Miller, 78, may have been AG for much longer. He lost his 1974 election when he was the Democratic nominee for the AG. He bypassed his 1990 election to run for governor, but in 1994 he was reinstated as an AG.

Iowa has a very long tradition of holding civil servants in office. Terry Branstad broke the record as the longest-serving U.S. governor in 2015. Charles Grassley has just won his eighth term in the U.S. Senate, becoming a senior member of the Senate in the new House. Both are Republicans. Neither Miller nor Michael Fitzgerald, the United States’ longest-serving state treasurer, failed to win re-election as a Democrat in November.

“Because of Tom Miller, the benefits Iowa has received compared to Kansas, Arkansas, Nebraska, and other states with comparable demographics and politics have been amazing,” says Tierney.

Just before the New Year, Miller rule about his career. Here’s an edited excerpt:

Governance: Your career helps tell how the role of the Attorney General has changed over the last half century. No, but it may be 40-50 now.

Miller: Naturally evolved. GM’s case was almost accidental. They were advertising a powered up Oldsmobile with a Chevrolet engine. And many states are investigating, ready to sue, and a settlement has been reached. In part, GM may have seen a settlement with a group of states make more sense. And it caught people’s attention.

And what really got people’s attention was that doing it as a group gave us more resources and influence. But when we’re united, we’re stronger. We also had the idea that separate lawsuits from individual states would be a hassle for the company, so some leverage in that regard. had. This developed in the consumer space, then in the antitrust space, and we gradually got stronger. Then the cigarette case arrived. There has never been and never will be a case like cigarettes.

Governance: Why does that case stand out?

Miller: We’ve done a lot for our citizens. Most important was perhaps the number of lives at stake. That made it very important. And up until that point, the tobacco industry was in an unbeatable position. Billions of dollars were at stake.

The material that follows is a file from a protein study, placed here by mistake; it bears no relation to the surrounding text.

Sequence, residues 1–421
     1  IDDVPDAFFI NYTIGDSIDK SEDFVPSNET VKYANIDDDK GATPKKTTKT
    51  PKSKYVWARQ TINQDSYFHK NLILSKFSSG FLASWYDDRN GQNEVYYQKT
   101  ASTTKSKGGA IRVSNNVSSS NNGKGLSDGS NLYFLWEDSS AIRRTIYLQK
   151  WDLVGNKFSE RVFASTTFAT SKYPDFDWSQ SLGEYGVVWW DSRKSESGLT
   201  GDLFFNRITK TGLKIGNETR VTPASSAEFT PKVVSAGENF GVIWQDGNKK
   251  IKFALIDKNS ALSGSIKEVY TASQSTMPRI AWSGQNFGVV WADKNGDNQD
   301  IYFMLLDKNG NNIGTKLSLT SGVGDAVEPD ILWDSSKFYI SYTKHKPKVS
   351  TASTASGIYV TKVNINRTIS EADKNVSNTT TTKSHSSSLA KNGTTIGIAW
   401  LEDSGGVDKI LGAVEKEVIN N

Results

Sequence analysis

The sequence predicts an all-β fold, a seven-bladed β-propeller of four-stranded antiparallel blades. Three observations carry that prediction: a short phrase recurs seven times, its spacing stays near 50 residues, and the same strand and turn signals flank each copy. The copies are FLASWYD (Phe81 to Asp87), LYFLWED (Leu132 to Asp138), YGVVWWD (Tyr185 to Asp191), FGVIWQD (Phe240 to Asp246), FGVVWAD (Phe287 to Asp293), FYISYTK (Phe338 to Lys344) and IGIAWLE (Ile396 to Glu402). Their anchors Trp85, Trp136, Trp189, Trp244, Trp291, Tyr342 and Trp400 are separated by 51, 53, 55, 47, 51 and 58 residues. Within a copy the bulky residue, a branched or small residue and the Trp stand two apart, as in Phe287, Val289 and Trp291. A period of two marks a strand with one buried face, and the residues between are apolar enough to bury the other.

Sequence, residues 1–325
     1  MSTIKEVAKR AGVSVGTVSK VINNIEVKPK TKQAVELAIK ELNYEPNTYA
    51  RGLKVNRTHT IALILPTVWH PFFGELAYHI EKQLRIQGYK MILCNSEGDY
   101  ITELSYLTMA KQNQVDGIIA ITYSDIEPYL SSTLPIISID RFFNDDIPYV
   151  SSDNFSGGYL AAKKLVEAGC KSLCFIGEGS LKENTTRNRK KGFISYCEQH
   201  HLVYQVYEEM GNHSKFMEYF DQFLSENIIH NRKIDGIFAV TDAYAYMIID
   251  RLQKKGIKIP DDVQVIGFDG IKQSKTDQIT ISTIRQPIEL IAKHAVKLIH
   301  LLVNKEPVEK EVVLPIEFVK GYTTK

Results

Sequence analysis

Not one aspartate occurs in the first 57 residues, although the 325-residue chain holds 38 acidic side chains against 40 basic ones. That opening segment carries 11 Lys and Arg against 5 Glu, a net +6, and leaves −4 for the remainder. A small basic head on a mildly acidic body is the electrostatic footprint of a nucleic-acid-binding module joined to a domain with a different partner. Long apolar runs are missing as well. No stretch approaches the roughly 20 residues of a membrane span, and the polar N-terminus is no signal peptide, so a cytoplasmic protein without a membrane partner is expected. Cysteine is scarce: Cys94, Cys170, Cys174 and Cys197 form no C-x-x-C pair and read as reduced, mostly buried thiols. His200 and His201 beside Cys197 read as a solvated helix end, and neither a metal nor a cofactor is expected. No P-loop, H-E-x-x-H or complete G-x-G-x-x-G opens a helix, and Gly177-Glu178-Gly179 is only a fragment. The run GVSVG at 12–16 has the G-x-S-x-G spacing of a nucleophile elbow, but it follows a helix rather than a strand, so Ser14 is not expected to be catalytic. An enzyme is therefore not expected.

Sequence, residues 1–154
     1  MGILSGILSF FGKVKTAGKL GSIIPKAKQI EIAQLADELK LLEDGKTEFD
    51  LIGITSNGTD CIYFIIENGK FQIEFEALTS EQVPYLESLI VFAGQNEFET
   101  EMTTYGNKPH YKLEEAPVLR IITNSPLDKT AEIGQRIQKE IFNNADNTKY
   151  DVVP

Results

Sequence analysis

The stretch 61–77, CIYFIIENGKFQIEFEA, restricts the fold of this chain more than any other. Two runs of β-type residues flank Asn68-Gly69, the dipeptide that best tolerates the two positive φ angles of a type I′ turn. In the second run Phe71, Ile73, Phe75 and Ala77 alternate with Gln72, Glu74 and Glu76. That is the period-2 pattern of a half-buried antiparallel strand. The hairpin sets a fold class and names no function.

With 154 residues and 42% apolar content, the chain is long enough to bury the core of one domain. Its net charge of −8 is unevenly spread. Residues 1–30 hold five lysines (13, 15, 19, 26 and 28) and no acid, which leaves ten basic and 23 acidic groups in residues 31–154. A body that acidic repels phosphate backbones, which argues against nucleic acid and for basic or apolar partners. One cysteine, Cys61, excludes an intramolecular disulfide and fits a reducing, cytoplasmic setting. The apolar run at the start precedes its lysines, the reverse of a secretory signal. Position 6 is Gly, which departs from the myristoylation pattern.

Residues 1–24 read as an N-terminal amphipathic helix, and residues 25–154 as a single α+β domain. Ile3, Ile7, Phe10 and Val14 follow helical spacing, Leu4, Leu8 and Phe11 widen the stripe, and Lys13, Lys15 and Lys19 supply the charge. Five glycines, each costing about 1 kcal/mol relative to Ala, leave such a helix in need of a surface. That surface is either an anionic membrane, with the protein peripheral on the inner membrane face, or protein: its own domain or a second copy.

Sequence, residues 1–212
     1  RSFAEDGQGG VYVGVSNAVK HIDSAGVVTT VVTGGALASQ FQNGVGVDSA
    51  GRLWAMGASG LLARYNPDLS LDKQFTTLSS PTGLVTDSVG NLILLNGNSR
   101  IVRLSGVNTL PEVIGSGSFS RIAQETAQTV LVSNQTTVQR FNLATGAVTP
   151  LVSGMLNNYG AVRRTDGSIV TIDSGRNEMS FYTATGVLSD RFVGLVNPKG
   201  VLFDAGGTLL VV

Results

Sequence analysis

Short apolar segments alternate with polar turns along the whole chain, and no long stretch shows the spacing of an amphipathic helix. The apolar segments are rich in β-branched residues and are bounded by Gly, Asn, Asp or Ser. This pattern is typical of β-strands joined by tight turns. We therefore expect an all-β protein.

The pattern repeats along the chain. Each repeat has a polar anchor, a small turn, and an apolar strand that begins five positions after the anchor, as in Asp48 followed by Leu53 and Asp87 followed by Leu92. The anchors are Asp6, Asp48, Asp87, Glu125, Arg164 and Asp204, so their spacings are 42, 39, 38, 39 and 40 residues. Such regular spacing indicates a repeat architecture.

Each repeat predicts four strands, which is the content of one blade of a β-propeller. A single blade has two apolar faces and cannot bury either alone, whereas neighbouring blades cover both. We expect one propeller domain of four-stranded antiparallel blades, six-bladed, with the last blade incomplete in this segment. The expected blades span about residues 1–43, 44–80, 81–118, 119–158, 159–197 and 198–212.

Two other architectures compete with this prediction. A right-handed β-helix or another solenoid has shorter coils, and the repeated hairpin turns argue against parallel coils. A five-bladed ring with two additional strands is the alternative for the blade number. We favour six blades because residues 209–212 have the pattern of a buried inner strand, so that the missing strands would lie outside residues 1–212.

Governance: Often times, people crave criminal charges when large-scale misconduct is committed. Please explain why these civil settlements are so important.

Miller: Civil lawsuits have great merit. One is changing behavior and the other is recovering money for compensation or, in the case of opioids, correcting nuisance behavior, including significantly helping people through treatment and prevention. Criminal cases actually serve another role in terms of deterrence. As for opioids, I think there should have been more federal prosecution, but perhaps more criminal prosecution.

Governance: Can you talk about where you were able to work with the federal government in a way?

Miller: Two typical cases are Microsoft and bank mortgages. We have had a very close, constructive, and beneficial relationship with the public with the Department of Justice. As for Microsoft, it was a great example of the federal government working with the states on a completely bipartisan basis. There were about 21 or 22 states and quite a few Republican states. It also included New York, where Dennis Vacco was the Republican AG at the time. To some extent, we had to work together. Microsoft was stronger than the federal government, the judiciary, and the states at that point. They were incredibly powerful.

Governance: Human relationships are important, and as you said, I was able to do a lot of work with the other AG. But everything became more partisan. How difficult is collaboration now?

Miller: So let’s look at recent events. Opioids are an extraordinary bipartisan effort. All states are involved in it in some way. The first executive committee he consisted of four states. Two Democrats and two Republicans, one of whom was Ken of Texas he was Paxton. A great example of bipartisanship when it comes to opioids. Another major lawsuit is the antitrust lawsuit against Google, which is also a highly bipartisan effort.